INDONESIA - Ninety years ago, the Dutch planned to move Indonesia's capital from Jakarta to Bandung. Their plans were aborted by the Japanese Occupation and later, Indonesia's independence.
So while Bandung may not have become the national capital, the city, with its vibrant art galleries, design studios and music festivals, has emerged as the country's leading creative centre.
Now, it is vying for greater recognition on the global stage.
The city of 2.2 million in West Java is one of four cities that Indonesian officials want included on the United Nations Educational, Scientific and Cultural Organisation (Unesco) list of creative cities. The others are the batik manufacturing base of Pekalongan, and the historical and cultural cities of Solo and Yogyakarta.
Unesco's Creative Cities Network has 34 members, including Nagoya, Shanghai, Edinburgh and Melbourne, which commit to sharing ideas and experiences among themselves.
Bandung and Solo have applied to be recognised for design, and Yogyakarta and Pekalongan as cities for crafts and folk art. "We expect the designation will help the cities boost their creative industries, which in turn contribute to our creative economy," Tourism and Creative Economy Minister Mari Pangestu said recently.
Dr Pangestu said such industries have a multiplier effect on the economy. Last year, they contributed nearly 8 per cent to gross domestic product and provided some 7 per cent of jobs. "We are teaming up with respective city governments to complete all the requirements," she was quoted as saying in The Jakarta Post.
Incoming Bandung mayor Ridwan Kamil told The Straits Times that he was excited about the prospect of being part of the network. "Some of Bandung's creativity needs to be appreciated at a global level... I think we deserve it."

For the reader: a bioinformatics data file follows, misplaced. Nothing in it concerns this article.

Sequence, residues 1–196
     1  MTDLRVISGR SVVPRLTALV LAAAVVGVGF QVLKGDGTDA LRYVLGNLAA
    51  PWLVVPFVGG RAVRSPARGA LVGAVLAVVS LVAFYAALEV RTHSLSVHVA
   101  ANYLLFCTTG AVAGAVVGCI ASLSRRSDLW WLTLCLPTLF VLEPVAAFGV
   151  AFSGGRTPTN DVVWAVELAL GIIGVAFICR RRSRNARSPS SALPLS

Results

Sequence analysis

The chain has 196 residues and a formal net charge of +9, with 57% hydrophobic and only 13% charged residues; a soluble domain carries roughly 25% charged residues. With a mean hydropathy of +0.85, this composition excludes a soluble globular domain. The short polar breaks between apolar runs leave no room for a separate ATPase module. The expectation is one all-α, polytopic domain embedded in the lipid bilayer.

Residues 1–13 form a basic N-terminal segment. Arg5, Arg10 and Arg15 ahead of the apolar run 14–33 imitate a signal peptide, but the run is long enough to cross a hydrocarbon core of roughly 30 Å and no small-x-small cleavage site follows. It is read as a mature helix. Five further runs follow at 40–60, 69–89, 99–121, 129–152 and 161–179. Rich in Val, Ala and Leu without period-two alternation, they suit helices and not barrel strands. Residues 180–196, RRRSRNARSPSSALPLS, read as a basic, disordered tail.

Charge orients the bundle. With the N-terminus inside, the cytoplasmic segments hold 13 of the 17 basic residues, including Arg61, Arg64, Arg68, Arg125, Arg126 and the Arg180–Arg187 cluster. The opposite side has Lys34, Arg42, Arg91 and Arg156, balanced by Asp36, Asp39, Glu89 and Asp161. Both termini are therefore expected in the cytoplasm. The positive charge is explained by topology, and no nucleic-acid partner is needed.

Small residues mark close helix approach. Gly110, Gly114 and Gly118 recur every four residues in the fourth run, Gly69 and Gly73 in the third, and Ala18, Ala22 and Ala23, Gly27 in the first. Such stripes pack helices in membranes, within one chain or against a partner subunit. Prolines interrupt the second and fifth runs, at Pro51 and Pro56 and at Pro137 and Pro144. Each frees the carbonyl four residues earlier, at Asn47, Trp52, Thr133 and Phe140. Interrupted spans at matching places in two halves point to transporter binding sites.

Mr Ridwan, an architect, helped create the Bandung Creative City forum five years ago to bring arts and other creative groups together to organise festivals and initiate projects that have proven a hit, especially among its large student and youth population. Global design magazine Monocle profiled the city's creative streak in its July/August edition.
In Solo, streets have been closed, for instance, to allow residents to hold exhibitions and performances. These moves have helped spark interest in the city.
Bandung, as well as Solo and Yogyakarta, have seen more flights and visitors from Malaysia and Singapore in recent years. Pekalongan has no airport but attracts visitors from Jakarta and Semarang who are keen on its batik.
Some 91,000 tourists arrived at Bandung's airport in the first half of this year, up 23 per cent from the same period last year, official statistics show.
Solo's airport saw more than 36,000 tourists in the first six months compared with 25,000 in the same period last year.
Regional commentator Karim Raslan notes that each of the three cities is famous for specific cultural products: Yogyakarta for fine and visual art, Solo for dance and performance art, and Bandung for design and fine art.
"In terms of cultural and artistic creativity, they far surpass the capital," he added.
The Paris-based Unesco network, launched in 2004, looks at the role cities play in nurturing and supporting the creativity of residents, among other things.
Singaporean curator and photographer Zhuang Wubin, who has travelled across Indonesia and spent over a month in Bandung recently, believes the city's large graduate and youthful population has created a vibrant environment that nurtures experimentation.
But he also believes the compact nature of smaller cities like Pekalongan and Yogyakarta work in their favour. "This sense of cosiness and intimacy offers the perfect environment for creative pursuits to germinate," he said.
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